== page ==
MONDAY, Jan. 16, 2006 (HealthDay News) -- For determining the correct type and method of cochlear implant surgery, MRI examination of the inner ear works better than the more widely used high resolution CT scanning, researchers conclude.
Cochlear implants enable people with congenital hearing loss to perceive sound. Before surgery to install the implants, doctors view either MRI or CT images to check for abnormalities in the inner ear, the condition of related nerves, and obstructions in the ear ducts.
The information collected by diagnostic imaging is used to help determine which surgical technique is used on patient, the specific electrode arrays employed, and where the cochlear implant is placed.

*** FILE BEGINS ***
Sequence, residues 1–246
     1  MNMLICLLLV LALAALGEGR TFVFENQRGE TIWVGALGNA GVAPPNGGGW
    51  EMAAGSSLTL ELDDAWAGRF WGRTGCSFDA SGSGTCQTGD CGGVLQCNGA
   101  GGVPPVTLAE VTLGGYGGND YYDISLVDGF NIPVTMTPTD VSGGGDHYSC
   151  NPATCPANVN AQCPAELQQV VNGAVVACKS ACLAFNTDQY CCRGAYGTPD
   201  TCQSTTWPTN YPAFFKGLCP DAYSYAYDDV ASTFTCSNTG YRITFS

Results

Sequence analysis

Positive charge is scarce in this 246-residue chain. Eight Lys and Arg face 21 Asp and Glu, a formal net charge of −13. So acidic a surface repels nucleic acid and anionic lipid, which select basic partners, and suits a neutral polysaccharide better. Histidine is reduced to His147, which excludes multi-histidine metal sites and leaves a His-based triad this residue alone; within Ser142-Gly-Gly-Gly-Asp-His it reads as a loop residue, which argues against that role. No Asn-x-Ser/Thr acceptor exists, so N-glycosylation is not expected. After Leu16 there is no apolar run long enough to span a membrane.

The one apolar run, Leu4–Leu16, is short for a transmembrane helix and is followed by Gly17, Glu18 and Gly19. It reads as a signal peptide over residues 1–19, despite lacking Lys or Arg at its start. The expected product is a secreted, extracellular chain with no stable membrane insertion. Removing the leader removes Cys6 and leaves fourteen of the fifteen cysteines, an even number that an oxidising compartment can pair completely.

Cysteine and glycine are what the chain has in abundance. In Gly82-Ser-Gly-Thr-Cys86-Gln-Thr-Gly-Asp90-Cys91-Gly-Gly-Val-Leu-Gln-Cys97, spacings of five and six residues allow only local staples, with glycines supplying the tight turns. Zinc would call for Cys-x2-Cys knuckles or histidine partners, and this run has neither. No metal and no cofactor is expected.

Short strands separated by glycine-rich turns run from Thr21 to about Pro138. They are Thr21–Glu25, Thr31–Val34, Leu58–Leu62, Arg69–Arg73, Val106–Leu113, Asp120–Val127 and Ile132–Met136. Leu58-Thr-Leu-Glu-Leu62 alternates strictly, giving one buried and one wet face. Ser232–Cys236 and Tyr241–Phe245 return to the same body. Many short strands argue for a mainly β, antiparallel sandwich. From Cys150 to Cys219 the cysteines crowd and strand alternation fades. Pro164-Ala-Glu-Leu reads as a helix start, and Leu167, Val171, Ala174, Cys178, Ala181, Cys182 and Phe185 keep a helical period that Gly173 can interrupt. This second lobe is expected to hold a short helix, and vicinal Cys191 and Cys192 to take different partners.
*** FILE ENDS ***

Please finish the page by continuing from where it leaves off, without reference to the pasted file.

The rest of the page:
In this study, researchers at the University of Texas Southwestern compared the records of 56 cochlear implant candidates.
They found that MRI offered a more detailed view and better information on specifics.
"Thirty percent of patients we evaluated had abnormalities on MRI we would not have seen on CT, whereas in none of the patients were there findings on CT that we wouldn't have seen on MRI," study senior author Dr. Peter Roland, chairman of otolaryngology, said in a prepared statement.
"In half the patients who had abnormalities on MRI that weren't seen on CT, it made a difference in which ear was selected for implantation," Roland added.
The study was published online in Otology & Neurotology.
The U.S. Food and Drug Administration has more about cochlear implants.